Are NDA’s a Waste of Time for Startups?

NDAs, Non-Disclosure Agreements, are (in theory) one of the small protections afforded to entrepreneurs looking to protect an idea. However, most VC’s will refuse to sign them for a number of reasons.

Entrepreneurs wrongly assume that venture folk are the most trustworthy people alive. Under this assumption, the same entrepreneurs will gladly fork over the ‘secret sauce’ during a pitch in hopes of securing funding — this is a serious mistake. By not signing an NDA, a VC is simply making a weak promise not to disclose information. But, in actuality, VCs are the persons with the most reasons to steal your concepts of anyone you might speak to during the fundraising process. It is rare that a friend (think the Facebook situation) would steal a concept and run with it. It’s also doubtful that potential hire would have the drive or resources to compete against you. VCs on the other hand, are different. VC’s likely familiar with your space, better understand monetization potential, have access to money and – especially when dealing with technology – have portfolio companies who could benefit from new innovations.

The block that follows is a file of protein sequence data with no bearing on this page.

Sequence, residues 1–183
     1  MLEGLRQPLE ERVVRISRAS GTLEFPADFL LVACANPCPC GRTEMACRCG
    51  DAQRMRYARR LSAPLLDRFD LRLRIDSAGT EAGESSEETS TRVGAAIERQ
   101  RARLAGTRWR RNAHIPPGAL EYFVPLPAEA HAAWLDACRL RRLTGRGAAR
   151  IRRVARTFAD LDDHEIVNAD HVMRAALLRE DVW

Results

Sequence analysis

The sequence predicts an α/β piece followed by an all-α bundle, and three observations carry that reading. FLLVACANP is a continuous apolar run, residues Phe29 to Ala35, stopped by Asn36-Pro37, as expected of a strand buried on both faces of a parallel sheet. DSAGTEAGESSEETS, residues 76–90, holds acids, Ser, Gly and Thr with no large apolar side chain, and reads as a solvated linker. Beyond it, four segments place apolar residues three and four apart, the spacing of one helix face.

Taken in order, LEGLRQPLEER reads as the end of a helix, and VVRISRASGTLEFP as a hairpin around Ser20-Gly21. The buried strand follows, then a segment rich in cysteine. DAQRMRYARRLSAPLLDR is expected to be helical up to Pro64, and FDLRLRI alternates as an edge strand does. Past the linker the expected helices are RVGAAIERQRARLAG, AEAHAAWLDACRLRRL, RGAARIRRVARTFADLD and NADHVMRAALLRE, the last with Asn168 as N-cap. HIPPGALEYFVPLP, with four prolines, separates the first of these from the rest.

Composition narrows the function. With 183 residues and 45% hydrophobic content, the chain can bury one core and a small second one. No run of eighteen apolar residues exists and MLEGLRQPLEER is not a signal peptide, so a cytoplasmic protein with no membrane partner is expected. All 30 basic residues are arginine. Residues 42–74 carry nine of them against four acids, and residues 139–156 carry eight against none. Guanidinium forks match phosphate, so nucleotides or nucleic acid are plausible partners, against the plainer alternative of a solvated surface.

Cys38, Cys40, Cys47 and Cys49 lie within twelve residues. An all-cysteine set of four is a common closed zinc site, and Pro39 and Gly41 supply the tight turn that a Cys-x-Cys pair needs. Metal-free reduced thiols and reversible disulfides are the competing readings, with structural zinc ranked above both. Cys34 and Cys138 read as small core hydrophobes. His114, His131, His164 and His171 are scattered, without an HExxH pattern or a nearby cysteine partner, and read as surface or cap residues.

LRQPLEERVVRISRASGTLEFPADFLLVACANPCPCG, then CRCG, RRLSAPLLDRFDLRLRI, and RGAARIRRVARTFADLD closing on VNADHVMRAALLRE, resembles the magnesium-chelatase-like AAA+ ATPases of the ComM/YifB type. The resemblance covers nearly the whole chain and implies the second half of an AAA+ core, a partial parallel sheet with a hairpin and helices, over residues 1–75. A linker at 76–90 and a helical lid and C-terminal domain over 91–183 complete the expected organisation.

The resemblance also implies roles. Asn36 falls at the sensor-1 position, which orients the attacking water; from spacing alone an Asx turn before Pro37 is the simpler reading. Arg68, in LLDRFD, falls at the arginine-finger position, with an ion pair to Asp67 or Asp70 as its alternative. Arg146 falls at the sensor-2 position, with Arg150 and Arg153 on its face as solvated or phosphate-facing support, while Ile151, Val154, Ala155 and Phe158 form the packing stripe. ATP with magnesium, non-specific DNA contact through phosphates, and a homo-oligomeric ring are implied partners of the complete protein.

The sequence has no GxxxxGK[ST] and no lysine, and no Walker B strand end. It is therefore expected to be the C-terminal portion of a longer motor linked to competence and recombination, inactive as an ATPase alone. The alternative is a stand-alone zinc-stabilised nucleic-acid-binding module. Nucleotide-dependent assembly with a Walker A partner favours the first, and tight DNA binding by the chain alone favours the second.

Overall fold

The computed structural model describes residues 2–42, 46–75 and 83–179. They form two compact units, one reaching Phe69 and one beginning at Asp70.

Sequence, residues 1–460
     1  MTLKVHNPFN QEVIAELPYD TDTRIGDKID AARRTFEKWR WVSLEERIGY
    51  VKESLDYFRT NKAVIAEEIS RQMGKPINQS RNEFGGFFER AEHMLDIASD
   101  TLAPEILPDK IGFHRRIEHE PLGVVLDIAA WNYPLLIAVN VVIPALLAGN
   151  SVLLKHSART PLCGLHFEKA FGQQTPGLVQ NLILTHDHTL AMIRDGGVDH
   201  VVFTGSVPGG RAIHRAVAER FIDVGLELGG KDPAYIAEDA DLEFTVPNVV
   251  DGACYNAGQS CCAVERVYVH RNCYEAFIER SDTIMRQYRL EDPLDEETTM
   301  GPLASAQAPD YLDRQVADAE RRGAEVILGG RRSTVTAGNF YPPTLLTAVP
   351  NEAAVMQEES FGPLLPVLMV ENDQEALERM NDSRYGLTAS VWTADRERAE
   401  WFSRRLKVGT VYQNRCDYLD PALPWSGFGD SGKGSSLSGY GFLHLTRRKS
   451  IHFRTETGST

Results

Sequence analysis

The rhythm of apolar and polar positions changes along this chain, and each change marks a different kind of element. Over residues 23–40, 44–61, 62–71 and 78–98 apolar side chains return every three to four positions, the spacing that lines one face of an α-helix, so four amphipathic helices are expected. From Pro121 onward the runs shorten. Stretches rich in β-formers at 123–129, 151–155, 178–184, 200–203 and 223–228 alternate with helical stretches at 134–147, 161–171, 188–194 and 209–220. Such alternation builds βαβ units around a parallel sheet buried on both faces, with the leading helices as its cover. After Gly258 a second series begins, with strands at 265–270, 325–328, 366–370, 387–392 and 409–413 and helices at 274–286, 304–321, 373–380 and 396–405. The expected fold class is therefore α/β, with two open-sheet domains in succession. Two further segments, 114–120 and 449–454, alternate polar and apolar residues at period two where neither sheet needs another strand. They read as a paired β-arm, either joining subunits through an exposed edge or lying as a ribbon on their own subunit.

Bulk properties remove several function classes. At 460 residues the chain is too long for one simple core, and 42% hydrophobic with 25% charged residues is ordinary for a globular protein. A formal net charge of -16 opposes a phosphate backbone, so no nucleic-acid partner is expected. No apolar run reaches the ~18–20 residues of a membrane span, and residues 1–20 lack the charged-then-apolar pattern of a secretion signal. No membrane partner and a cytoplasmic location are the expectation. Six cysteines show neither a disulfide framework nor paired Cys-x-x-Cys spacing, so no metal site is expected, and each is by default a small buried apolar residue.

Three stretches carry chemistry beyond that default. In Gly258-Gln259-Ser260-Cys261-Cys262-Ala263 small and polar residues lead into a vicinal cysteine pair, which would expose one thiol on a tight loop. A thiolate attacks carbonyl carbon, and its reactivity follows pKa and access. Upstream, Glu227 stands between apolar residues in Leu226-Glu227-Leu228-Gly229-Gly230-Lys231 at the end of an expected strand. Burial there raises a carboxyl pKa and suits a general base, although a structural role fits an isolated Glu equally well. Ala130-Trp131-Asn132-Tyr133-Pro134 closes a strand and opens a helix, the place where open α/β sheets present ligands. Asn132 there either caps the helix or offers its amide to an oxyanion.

But, VC’s also have reputations.

The other issue in disclosing all, is what I imagine being akin to the children’s game ‘telephone.’ A VC hears a great idea, decides not to invest for some reason, and then asks another VC about ‘his or her thoughts’ on the concept. If it’s a good concept, maybe 5-6 different persons (all with high IQs and motivated by money) learn of the concept and might indirectly borrow elements. is worried about this sort of thing.

Bottom-line is that you shouldn’t ask a VC to sign an NDA because it’s an insult to the industry. At the same time, you shouldn’t go reveal everything at the first or second sit down.

** For those looking for an NDA template, here is a good resource.


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